The London Review of Books article also reviews a new compilation titled Coin Hoards and Hoarding in the Roman World .
Coin Hoards and Hoarding in the Roman World
edited by Jerome Mairat, Andrew Wilson and Chris Howgego.
Oxford, 368 pp., £90, May 2022, 978 0 19 886638 1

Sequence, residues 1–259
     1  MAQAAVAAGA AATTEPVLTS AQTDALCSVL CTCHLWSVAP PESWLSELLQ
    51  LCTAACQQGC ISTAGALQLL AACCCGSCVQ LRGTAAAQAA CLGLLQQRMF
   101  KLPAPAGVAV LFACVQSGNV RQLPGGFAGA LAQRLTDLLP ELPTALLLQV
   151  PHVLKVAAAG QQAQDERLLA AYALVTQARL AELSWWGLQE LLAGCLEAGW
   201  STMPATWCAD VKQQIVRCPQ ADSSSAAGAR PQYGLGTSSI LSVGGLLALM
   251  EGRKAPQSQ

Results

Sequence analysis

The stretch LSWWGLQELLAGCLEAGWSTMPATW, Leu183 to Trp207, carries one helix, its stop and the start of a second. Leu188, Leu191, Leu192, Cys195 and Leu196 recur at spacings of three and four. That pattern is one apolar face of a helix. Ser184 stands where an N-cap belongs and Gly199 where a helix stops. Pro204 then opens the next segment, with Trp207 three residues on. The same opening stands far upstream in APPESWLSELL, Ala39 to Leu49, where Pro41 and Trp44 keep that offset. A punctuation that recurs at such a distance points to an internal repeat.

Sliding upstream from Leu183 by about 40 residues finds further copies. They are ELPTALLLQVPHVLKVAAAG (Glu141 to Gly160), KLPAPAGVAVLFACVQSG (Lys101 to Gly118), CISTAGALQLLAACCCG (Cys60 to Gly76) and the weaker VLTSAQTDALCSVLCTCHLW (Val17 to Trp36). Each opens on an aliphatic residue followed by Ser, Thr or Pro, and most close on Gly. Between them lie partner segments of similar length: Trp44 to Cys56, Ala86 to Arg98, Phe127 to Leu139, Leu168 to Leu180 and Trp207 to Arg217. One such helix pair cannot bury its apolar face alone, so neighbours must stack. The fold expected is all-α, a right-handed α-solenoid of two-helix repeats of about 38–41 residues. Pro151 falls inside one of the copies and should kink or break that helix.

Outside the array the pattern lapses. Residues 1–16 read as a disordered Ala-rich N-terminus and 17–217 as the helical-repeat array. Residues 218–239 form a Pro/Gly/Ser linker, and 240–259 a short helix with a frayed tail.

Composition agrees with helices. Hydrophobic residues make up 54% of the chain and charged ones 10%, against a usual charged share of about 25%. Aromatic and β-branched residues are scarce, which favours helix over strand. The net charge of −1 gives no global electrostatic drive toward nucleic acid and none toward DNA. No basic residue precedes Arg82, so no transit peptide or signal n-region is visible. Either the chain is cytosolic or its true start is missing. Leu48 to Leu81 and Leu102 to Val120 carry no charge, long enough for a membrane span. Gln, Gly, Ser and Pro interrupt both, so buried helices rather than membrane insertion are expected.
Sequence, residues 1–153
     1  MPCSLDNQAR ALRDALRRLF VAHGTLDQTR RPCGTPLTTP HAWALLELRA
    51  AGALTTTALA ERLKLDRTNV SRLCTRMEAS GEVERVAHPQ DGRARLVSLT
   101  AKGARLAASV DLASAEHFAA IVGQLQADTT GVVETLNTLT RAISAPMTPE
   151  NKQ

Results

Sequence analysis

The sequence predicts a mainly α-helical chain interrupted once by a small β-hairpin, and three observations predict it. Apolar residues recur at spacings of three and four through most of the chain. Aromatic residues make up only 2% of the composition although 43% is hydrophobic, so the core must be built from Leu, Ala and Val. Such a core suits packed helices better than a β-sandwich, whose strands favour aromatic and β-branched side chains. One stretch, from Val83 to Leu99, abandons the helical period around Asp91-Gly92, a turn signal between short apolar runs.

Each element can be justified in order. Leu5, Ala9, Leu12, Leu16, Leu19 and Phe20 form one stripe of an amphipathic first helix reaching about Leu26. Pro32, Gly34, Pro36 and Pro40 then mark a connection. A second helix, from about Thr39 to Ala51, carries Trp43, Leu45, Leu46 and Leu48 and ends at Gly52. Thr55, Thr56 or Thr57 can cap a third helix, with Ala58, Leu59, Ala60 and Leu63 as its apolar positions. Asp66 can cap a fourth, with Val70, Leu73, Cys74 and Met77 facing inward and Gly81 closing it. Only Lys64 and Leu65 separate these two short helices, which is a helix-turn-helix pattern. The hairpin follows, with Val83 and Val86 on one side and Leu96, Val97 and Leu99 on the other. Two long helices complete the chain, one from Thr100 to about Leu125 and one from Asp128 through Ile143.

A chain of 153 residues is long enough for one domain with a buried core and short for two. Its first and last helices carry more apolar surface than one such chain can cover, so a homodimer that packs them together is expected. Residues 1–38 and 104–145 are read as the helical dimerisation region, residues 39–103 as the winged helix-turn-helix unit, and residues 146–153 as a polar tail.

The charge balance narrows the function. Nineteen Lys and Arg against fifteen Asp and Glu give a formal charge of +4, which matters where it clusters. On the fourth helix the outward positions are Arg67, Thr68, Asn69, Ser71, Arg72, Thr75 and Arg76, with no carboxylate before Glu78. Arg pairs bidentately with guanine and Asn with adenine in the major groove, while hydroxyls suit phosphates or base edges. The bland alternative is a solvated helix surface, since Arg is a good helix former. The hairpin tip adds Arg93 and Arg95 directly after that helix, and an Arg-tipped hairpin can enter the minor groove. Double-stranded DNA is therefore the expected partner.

However valuable the information ancient coins provide as individual artefacts, even more valuable is what they teach us in the aggregate. A hoard can be defined as two or more coins deposited together, usually but not always intentionally, and not subsequently recovered. Since a hoard's owner usually intended to retrieve it, the non-recovery acts as proxy evidence for its historical circumstances. Broadly speaking, there are four categories of hoard, each defined by the way it was created: accidental loss, sudden response to an emergency, storage of savings, or deliberate abandonment. Each tells us different things. Accidental hoards are things like dropped purses, or the basket of coins discovered on the docks of Herculaneum, now a fused mass of bronze and silver bearing the imprint of the container that was incinerated along with its owner in the pyroclastic surge of Vesuvius. Emergency hoards are what they sound like: collections secreted to prevent discovery in a moment of crisis, often war or the threat of it. Savings hoards are surplus wealth kept in hidden reserve by their owner. Finally, there are deliberately abandoned hoards, such as grave deposits, sacrifices and votive offerings. Each type reveals different things. Accidental and emergency hoards can be dated, usually closely, by the youngest coin they contain, and offer a snapshot of the currency circulating in a particular place at a particular time. Savings hoards represent deliberate selection over time. This generally means higher rather than lower value coins, and better quality specimens, whether measured by weight, level of wear, or precious metal content. These hoards are harder to date, because their youngest coin may come from long before the time of deposition. For that reason, they don't provide a snapshot of monetary history, but they do reveal social choices about relative monetary values and economic decision-making. Finally, abandoned deposits represent another kind of deliberate selection, and were more likely to contain demonetised pieces which were no longer usable as currency.